[whatever you want to call the link](http://the-link-goes-here.co)
For Journal or Book Notes
Roam isn’t just a bullet-point-outliner like Workflowy. It’s designed to adapt to its surroundings.
At the start of your day, click on DAILY NOTES. You will see a page with today’s date where you will add everything related to today that you might want to remember sometime in the future. It doesn’t matter what it is, or how little you write about it. Just hashtag a few words or phrases relating to whatever you’re typing.
I even have a # hashtag for things I know I need to decide on but don’t want to think about right now. I have confidence that whatever it is, I’ll be able to search for it later with the #
MOBILE: Unfortunately, at this time, there’s still no mobile app and the mobile webpage is barely more than a Post-It. However, it is a digital Post-It that really can be quite useful when you’re away from your computer with your phone and a random thing pops into your head that you want to remember. That note eventually gets added to the DAILY NOTE for the day it was created.
Frankly, I’m in the camp who agrees with the founder. He wants to have a robust mobile experience, but, there are more important things to work for right now.
For Saving and Organizing Tweets
Roam automatically embeds your Twitter cards with only a link to the tweet! Notice below that you can put tweets into a collapsible bullet so you could have 50 different tweets collapsed into 50 separate bullets. This would be good if you were collecting daily tweets or categorizing your favorite quotations you find on Twitter.
Formatting in Roam Research
When I wrote this article, there weren’t tons of options for formatting like you would have with a word processor. But, I can assure you, the limitations can be liberating and the restrictions can force you to be a little more creative and thoughtful with your words. For me, that’s a plus.
Not to mention you could/can use emojis like a personal hieroglyphics language of your own!
Here, I played around a little to show you some of the the most basic formatting options
However, a couple months ago, Roam Research and a band of super-fans introduced custom CSS formatting and Roam started looking completely different. Now, you are able to customize your Roam database to any “flavor” (fonts, colors, sizes, layout, etc.) you desire.
Take a look at what a great art director can do with formatting! Maggie Appleton created this beautiful CSS style sheet that you can just “plug in” to your database. There are many other themes out there; like, dark forest or terminal green or robot, etc. Maggie’s is the most sophisticated that I’ve seen. Click the image to see how she creates it.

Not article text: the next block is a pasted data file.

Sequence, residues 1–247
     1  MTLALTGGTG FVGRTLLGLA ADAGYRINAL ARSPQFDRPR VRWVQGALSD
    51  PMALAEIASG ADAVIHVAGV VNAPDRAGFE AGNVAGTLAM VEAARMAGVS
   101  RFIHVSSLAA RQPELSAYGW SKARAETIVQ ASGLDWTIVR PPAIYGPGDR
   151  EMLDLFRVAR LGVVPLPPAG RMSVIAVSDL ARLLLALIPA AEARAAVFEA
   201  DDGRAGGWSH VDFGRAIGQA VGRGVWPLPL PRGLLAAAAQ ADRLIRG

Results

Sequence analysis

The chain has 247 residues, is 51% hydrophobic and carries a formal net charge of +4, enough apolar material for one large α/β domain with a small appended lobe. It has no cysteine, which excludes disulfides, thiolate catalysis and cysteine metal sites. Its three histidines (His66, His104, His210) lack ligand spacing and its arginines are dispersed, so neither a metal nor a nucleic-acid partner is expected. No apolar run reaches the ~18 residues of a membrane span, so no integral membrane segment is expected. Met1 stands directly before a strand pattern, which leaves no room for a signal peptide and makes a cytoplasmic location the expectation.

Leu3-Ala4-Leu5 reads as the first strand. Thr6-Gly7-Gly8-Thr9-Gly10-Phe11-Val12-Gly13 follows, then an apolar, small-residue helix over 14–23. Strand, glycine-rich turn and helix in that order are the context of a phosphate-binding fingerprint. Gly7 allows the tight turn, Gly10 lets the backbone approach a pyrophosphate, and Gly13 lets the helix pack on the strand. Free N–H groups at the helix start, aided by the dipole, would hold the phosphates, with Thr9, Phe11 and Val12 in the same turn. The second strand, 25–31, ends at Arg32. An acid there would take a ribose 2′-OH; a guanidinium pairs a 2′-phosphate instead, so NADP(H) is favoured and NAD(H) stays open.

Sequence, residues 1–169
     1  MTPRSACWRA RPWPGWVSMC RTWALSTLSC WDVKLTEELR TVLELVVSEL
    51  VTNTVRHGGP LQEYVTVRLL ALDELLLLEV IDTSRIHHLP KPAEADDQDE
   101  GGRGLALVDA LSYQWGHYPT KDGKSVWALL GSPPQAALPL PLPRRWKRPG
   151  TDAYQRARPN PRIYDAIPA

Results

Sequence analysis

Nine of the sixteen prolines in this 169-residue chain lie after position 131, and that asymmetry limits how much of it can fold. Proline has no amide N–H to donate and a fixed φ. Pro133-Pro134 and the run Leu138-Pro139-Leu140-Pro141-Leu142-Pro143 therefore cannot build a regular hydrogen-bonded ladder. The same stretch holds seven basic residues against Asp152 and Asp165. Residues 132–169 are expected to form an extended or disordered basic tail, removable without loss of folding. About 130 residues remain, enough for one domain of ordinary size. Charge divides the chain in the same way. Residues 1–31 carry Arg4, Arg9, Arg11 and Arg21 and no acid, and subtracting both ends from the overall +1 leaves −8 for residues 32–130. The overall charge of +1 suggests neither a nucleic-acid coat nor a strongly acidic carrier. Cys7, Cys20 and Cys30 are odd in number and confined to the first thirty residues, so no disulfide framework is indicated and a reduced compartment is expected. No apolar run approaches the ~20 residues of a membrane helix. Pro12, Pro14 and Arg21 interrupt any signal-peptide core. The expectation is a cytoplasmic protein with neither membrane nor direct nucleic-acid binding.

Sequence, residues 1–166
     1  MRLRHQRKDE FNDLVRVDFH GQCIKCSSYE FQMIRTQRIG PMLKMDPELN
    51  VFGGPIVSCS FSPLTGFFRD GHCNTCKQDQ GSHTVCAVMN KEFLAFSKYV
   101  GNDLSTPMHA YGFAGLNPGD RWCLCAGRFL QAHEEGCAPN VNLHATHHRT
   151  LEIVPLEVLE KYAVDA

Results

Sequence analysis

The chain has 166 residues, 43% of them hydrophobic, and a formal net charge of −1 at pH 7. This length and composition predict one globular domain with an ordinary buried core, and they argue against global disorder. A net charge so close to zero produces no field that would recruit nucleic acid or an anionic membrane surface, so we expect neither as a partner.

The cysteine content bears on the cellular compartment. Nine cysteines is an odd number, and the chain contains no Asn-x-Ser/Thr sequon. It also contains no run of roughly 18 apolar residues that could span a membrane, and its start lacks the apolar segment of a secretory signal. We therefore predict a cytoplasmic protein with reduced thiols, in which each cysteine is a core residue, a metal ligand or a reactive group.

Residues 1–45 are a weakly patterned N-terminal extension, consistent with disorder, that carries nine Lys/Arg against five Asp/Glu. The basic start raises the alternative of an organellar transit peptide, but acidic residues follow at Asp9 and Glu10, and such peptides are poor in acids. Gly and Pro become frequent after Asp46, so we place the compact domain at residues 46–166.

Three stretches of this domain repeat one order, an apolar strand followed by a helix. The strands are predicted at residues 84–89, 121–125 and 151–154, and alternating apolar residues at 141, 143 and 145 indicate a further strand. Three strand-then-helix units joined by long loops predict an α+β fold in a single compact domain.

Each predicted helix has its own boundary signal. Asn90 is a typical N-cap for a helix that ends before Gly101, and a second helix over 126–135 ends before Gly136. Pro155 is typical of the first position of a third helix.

GETTING STARTED WITH ROAM
If you’ve read this far, or even jumped here directly, I should tell you that a quick and easy way to see how Roam can be used is to take a look at their “White Paper“.
Don’t worry, you don’t have to actually read it—although it is EXTREMELY interesting—just start looking at it and clicking on things…like you would on Wikipedia.
Did you know, you can change the skin of your Wikipedia Home page?
Even if you start playing around with Roam for only an hour or so every day—adding in chunks of data or just journaling a few days a week—I believe you’ll start thinking of ways you could use it as a way to connect information together to improve your life and create a “second brain.”
After 9 months of using Roam Research, you can say that I am “all in.” I have started moving EVERYTHING into Roam: large chunks of data from other applications and daily thoughts / actions. The more I see how things relate to each other, the more I want to work in Roam. It’s like an old friend who remembers all the crazy stuff you did as a kid; both good and bad!
Roam Research has also made me reflect how I store and organize things in the other applications that make up my current ecosystem. It’s allowed me to streamline how I get things done. Arguably, I’ve been more productive in the last 6 months than I was all of last year…and I feel like I’m just scratching the surface of what I can do with Roam.
It’s probably obvious what a huge fan I’ve become of Roam. I’m not being paid to say any of this. I just feel like Roam is something that I’ve been searching for for a long time and every time I sit down with it, I get all giddy with excitement because I’m able to think in ways I didn’t imagine were possible.